Netflix co-CEO on Dave Chappelle fallout: I screwed up – Jordan Valinsky, CNN

“The first step to rebuilding a tarnished reputation is to acknowledge what went wrong. After several internal and external communications flubs around Netflix employee backlash to the Dave Chappelle special that premiered earlier this month, co-CEO Ted Sarandos is moving in the right direction by acknowledging the feelings of the employees who were hurt by some of the content within the special. This situation should serve as reminder for other organizations to always lead with empathy when navigating a difficult situation. Had Netflix done that from the beginning, they may have been able to lessen the blow to their reputation and avoided a very public employee walkout.” – RJ Bruce

FINANCIAL COMMUNICATIONS

Filing show Sweetgreen isn’t profitable, despite claims – Dan Primack, Axios

“Here is a statement you never want to be associated with ‘the company lied’. All companies try to make their financial results look as good as possible – especially leading up to an IPO – but that tendency should never cross the line into factual misrepresentations. Whether or not Sweetgreen has technically run afoul of any financial or regulatory issues is only half the problem. Now, going into an event that should be a chance to showcase a positive growth story and exciting plans for the future, they will instead be answering questions related to their ethics and transparency causing potential long term reputational harm to the brand.” – Andrew Moyer

CORPORATE SOCIAL RESPONSIBILITY

PwC’s 2021 Annual Corporate Directors Survey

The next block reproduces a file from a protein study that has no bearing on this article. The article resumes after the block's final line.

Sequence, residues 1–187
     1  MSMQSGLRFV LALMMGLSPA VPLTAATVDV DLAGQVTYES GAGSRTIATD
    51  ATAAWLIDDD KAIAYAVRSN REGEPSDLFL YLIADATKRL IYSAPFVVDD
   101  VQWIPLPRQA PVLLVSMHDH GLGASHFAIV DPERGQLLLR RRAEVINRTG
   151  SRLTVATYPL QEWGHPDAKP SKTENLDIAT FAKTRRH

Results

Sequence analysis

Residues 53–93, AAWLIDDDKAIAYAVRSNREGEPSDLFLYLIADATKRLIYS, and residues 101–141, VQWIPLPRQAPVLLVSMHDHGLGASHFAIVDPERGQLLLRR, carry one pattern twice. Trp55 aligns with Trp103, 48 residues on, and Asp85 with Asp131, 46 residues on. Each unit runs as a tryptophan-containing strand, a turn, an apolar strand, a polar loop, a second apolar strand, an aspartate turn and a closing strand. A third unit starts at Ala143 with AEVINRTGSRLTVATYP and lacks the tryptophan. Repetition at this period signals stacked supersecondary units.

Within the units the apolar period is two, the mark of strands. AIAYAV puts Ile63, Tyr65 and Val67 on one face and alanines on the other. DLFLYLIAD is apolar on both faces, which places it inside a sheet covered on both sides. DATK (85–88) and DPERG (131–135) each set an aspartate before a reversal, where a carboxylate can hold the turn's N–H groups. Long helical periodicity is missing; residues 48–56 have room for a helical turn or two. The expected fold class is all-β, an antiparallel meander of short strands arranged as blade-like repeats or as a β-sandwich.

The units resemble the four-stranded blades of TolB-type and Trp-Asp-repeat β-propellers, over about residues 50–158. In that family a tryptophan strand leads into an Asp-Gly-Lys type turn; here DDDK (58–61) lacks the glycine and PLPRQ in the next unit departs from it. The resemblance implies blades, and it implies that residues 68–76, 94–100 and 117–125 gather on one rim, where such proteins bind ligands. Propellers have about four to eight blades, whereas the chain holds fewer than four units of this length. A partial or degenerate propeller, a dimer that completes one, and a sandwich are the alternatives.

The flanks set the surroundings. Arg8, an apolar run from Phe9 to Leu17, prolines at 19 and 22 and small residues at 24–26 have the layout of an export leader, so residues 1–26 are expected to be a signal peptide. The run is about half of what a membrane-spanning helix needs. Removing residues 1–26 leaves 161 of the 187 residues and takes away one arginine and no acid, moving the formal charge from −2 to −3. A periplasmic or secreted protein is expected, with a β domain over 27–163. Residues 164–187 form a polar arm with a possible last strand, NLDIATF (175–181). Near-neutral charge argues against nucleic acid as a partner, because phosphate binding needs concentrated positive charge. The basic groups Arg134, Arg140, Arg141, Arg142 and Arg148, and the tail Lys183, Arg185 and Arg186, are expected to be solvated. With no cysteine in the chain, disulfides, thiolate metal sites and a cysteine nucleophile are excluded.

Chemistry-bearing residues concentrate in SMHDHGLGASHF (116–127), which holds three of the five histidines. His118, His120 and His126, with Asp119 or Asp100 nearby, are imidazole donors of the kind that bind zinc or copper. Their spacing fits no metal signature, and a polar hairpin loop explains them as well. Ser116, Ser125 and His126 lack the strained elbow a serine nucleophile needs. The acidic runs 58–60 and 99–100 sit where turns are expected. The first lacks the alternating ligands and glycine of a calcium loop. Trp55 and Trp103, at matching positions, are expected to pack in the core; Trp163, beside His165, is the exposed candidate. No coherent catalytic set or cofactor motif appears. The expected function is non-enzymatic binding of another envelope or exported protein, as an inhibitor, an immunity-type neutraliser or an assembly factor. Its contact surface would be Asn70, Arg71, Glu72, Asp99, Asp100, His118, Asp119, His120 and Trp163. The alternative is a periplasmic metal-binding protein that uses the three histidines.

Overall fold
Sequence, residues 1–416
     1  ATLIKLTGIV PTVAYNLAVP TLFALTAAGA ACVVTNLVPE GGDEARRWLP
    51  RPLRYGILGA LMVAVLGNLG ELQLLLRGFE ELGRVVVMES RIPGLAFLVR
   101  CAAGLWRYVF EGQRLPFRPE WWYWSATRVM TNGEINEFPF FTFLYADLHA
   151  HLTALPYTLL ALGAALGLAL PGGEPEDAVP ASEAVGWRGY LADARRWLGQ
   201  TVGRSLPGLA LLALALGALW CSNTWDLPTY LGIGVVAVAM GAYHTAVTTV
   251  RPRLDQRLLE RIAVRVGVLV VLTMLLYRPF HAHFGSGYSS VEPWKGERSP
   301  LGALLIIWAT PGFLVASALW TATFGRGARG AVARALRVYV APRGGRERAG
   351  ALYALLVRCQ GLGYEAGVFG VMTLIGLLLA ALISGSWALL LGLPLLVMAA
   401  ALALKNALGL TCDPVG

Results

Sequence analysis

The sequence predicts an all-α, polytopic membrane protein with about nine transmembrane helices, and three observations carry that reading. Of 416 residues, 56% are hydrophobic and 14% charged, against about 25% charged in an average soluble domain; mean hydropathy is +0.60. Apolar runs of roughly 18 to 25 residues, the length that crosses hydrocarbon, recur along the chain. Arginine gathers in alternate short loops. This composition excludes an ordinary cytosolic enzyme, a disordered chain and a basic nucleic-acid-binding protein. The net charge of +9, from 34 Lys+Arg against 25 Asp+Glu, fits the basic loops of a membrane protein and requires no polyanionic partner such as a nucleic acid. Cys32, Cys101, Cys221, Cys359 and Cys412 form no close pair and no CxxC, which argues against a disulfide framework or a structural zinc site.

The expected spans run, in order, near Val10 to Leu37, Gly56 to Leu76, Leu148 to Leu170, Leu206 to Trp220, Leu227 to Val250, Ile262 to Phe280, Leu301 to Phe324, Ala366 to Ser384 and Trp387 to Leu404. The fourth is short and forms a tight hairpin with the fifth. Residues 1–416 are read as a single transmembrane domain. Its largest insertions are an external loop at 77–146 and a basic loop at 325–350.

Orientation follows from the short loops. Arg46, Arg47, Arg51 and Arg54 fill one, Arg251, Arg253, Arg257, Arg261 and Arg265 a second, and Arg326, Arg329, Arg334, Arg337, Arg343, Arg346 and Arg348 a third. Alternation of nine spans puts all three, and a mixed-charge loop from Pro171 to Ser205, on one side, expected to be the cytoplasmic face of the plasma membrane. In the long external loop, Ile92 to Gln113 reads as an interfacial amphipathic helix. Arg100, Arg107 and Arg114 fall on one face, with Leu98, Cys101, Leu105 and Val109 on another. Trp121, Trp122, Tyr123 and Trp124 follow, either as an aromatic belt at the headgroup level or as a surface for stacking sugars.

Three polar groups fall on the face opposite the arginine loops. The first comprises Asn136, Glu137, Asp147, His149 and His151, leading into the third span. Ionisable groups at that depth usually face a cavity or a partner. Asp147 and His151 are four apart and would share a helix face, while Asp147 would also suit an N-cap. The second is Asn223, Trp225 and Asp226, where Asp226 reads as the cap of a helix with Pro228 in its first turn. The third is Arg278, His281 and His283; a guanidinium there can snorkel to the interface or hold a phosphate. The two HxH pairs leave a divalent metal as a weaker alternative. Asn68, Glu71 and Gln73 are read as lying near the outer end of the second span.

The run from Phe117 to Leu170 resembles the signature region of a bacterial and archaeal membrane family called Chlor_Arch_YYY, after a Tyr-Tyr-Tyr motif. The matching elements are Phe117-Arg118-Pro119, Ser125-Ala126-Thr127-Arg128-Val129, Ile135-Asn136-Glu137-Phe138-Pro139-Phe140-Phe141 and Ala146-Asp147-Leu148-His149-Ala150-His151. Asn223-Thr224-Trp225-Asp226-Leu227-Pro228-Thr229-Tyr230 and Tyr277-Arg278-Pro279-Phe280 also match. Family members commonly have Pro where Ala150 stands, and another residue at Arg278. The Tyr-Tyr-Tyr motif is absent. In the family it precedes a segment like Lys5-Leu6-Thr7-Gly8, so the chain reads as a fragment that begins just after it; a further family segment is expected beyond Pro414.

“PwC recently issued its annual national corporate directors survey. While the data is not necessarily surprising – boards of directors are slowly but surely gaining gender parity around the country – PwC did report a significant percentage of those surveyed (36%) still do not believe that ESG relates to company strategy and nearly 3/4ths (71%) of respondents believe that board diversity won’t solve itself. These stats continue to prove the value of this work. From a presentation perspective, I was also quite impressed with the readability of PwC’s report and the numerous visuals they incorporated to clearly call out significant findings for readers. I would’ve liked to see a video as an additional engagement tool within this site or a specific call to action, but overall, it was an engaging read and a tool from which I’ll be pulling findings in the future.” – Fran Fyten

CRISIS COMMUNICATIONS

In-n-out takes a stand on diner vaccination mandates – Jonathan Maze, Restaurant Business

“I’m fascinated by In-and-Out Burger’s very strong stance against customer vaccine mandates.  What will happen to their sales?  They will surely lose some customers but will gain others. Will they be pressured to back off this stance or will they hold firm?  Will other prominent companies follow suit? Regardless, it’s an excellent reminder that, no matter the conventional wisdom, it’s vital for communicators to remember that strongly-held divergent views exist about nearly every public policy issue that all must be fully considered in any communications strategy.” – Nick Kalm

Unsupported ‘sickout’ claims take flight amid Southwest woes – David Koenig and Ali Swenson, AP News

“As someone personally victimized by the Southwest saga, I agree when this article suggests there was also some misinformation. When my flight home was cancelled, the text message I received said it was due to air traffic control issues and bad weather. As someone enjoying Texas’s 90-degree weather, speculation set in. Southwest’s PR team should’ve predicted that the truth behind their thousands of flight cancellations would eventually come out and damage the company’s reputation and trust.” – Haley Hartmann